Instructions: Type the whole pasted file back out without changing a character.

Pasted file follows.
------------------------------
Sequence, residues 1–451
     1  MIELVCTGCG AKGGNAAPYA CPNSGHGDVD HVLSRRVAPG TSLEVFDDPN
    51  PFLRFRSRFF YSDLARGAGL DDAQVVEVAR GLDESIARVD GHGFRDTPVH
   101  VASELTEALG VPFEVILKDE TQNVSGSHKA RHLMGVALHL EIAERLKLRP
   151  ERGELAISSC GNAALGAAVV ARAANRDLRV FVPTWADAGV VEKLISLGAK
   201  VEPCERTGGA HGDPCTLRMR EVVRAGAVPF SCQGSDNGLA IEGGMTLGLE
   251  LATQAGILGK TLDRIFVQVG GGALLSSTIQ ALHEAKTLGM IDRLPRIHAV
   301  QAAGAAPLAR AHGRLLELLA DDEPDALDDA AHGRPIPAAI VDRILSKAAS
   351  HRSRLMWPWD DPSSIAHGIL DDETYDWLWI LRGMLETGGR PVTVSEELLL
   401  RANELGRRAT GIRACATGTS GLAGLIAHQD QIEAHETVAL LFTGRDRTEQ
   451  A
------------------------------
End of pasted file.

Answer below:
Sequence, residues 1–451
     1  MIELVCTGCG AKGGNAAPYA CPNSGHGDVD HVLSRRVAPG TSLEVFDDPN
    51  PFLRFRSRFF YSDLARGAGL DDAQVVEVAR GLDESIARVD GHGFRDTPVH
   101  VASELTEALG VPFEVILKDE TQNVSGSHKA RHLMGVALHL EIAERLKLRP
   151  ERGELAISSC GNAALGAAVV ARAANRDLRV FVPTWADAGV VEKLISLGAK
   201  VEPCERTGGA HGDPCTLRMR EVVRAGAVPF SCQGSDNGLA IEGGMTLGLE
   251  LATQAGILGK TLDRIFVQVG GGALLSSTIQ ALHEAKTLGM IDRLPRIHAV
   301  QAAGAAPLAR AHGRLLELLA DDEPDALDDA AHGRPIPAAI VDRILSKAAS
   351  HRSRLMWPWD DPSSIAHGIL DDETYDWLWI LRGMLETGGR PVTVSEELLL
   401  RANELGRRAT GIRACATGTS GLAGLIAHQD QIEAHETVAL LFTGRDRTEQ
   451  A